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I both two stage valuation models allow for two

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i. Both two-stage valuation models allow for two distinct phases of growth, an initial finite period where the growth rate is abnormal, followed by a stable growth period that is expected to last indefinitely. These two-stage models share the same limitations with respect to the growth assumptions. First, there is the difficulty of defining the duration of the extraordinary growth period. For example, a longer period of high growth will lead to a higher valuation, and there is the temptation to assume an unrealistically long period of extraordinary growth. Second, the assumption of a sudden shift form high growth to lower, stable growth is unrealistic. The transformation is more likely to occur gradually, over a period of time. Given that the assumed total horizon does not shift (i.e., is infinite), the timing of the shift form high to stable growth is a critical determinant of the valuation estimate. Third, because the value is quite sensitive to the steady-state growth assumption, over- or under-estimating this rate can lead to large errors in value. The two models share other limitations as well, notably difficulties in accurately forecasting required rates of return, in dealing with the distortions that result from substantial and/or volatile debt ratios, and in accurately valuing assets that do not generate any cash flows. 11. a. The formula for calculating a price earnings ratio (P/E) for a stable growth firm is the dividend payout ratio divided by the difference between the required rate of return and the growth rate of dividends. If the P/E is calculated based on trailing earnings (year 0), the payout ratio is increased by the growth rate. If the P/E is calculated based on next year’s earnings (year 1), the numerator is the payout ratio. P/E on trailing earnings: P/E = [payout ratio × (1 + g)]/(r g) = [0.30 × 1.13]/(0.14 0.13) = 33.9 P/E on next year's earnings: P/E = payout ratio/(r g) = 0.30/(0.14 0.13) = 30.0 18-5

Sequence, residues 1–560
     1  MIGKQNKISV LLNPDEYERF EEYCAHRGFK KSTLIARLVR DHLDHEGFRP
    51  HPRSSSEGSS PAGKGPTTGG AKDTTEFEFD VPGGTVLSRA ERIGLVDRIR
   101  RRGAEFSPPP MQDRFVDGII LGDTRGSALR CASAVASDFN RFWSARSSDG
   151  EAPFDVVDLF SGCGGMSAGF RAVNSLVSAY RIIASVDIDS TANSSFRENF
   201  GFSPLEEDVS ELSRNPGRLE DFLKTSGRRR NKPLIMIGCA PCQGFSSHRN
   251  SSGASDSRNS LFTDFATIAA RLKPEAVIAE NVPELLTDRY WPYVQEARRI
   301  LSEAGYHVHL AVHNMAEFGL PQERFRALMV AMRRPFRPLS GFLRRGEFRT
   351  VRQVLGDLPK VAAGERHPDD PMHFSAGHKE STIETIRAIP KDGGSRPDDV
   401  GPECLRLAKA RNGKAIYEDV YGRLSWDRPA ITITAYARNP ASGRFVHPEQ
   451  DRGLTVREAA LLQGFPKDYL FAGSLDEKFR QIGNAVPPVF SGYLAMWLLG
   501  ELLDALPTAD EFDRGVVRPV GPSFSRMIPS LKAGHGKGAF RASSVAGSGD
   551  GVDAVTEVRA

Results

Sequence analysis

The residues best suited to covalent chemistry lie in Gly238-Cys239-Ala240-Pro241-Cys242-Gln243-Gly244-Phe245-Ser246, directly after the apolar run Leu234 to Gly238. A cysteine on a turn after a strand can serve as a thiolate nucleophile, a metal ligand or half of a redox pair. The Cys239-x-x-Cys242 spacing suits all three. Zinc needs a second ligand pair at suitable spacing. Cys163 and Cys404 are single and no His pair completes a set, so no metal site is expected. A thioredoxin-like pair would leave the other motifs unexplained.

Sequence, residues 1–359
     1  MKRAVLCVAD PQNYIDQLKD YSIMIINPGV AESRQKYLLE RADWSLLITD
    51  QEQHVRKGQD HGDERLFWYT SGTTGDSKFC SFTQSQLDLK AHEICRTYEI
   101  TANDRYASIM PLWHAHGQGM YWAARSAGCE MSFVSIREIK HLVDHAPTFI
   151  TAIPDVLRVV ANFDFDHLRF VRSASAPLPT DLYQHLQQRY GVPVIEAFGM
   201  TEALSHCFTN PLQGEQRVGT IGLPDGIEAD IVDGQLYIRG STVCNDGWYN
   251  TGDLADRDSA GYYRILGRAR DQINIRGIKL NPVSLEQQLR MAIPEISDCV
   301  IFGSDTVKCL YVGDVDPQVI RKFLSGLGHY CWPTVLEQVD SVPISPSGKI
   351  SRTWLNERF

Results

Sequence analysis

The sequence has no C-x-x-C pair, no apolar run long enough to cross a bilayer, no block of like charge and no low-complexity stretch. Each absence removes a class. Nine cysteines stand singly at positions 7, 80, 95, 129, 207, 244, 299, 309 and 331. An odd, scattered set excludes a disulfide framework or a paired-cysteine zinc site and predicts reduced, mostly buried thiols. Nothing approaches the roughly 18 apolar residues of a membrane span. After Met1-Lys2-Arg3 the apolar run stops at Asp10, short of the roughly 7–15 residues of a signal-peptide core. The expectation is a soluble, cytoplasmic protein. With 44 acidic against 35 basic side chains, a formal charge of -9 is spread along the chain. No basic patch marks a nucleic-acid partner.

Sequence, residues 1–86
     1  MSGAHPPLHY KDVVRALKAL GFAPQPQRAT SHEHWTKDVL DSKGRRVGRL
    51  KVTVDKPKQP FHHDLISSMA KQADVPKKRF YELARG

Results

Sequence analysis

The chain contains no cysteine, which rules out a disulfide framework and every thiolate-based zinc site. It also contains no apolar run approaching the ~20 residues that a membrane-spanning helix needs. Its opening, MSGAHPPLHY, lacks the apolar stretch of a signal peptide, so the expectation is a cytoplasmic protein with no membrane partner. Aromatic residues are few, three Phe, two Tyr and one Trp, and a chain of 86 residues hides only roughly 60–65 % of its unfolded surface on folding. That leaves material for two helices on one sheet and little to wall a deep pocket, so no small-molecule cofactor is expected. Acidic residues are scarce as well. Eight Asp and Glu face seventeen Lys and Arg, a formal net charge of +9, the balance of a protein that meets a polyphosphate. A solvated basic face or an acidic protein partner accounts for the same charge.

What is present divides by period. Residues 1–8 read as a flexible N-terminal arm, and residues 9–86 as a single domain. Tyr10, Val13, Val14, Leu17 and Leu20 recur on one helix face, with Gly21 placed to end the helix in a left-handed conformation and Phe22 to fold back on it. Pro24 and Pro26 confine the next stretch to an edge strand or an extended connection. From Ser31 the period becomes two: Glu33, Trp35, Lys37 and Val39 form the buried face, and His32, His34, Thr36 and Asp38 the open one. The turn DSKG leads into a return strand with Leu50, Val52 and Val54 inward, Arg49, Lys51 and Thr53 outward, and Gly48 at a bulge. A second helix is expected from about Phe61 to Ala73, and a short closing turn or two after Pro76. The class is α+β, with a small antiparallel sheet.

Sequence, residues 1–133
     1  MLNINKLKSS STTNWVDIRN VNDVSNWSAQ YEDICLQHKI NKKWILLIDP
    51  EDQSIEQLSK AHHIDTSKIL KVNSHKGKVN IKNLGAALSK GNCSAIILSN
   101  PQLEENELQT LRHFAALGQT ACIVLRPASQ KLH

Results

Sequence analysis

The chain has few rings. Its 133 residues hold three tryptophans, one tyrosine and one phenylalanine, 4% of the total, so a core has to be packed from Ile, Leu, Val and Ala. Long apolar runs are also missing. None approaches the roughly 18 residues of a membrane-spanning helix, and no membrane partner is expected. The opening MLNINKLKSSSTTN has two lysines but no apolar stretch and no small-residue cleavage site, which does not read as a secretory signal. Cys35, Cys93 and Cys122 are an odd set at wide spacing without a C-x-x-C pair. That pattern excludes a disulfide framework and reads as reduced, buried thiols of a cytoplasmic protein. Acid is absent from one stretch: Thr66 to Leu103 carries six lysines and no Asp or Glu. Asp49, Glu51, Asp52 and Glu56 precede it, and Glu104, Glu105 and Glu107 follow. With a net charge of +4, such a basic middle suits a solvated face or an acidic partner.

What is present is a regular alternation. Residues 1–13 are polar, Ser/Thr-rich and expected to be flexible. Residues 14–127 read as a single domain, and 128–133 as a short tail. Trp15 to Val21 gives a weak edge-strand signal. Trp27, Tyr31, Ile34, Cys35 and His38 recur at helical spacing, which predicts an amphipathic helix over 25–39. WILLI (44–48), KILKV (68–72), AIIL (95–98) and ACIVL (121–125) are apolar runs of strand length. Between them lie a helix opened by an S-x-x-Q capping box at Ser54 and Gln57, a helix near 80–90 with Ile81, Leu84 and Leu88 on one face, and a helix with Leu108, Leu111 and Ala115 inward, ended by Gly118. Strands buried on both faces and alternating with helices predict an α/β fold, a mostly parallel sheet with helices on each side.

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b. The P/E ratio is a decreasing function of riskiness; as risk increases the P/E ratio decreases. Increases in the riskiness of Sundanci stock would be expected to lower the P/E ratio. The P/E ratio is an increasing function of the growth rate of the firm; the higher the expected growth the higher the P/E ratio. Sundanci would command a higher P/E if analysts increase the expected growth rate. The P/E ratio is a decreasing function of the market risk premium. An increased market risk premium would increase the required rate of return, lowering the price of a stock relative to its earnings. A higher market risk premium would be expected to lower Sundanci's P/E ratio. 12. a. The sustainable growth rate is equal to: plowback ratio × return on equity = b × ROE where b = [Net Income – (Dividend per share × shares outstanding)]/Net Income ROE = Net Income/Beginning of year equity In 2000: b = [208 – (0.80 × 100)]/208 = 0.6154 ROE = 208/1380 = 0.1507 Sustainable growth rate = 0.6154 × 0.1507 = 9.3% In 2003: b = [275 – (0.80 × 100)]/275 = 0.7091 ROE = 275/1836 = 0.1498 Sustainable growth rate = 0.7091 × 0.1498 = 10.6% b. i. The increased retention ratio increased the sustainable growth rate.
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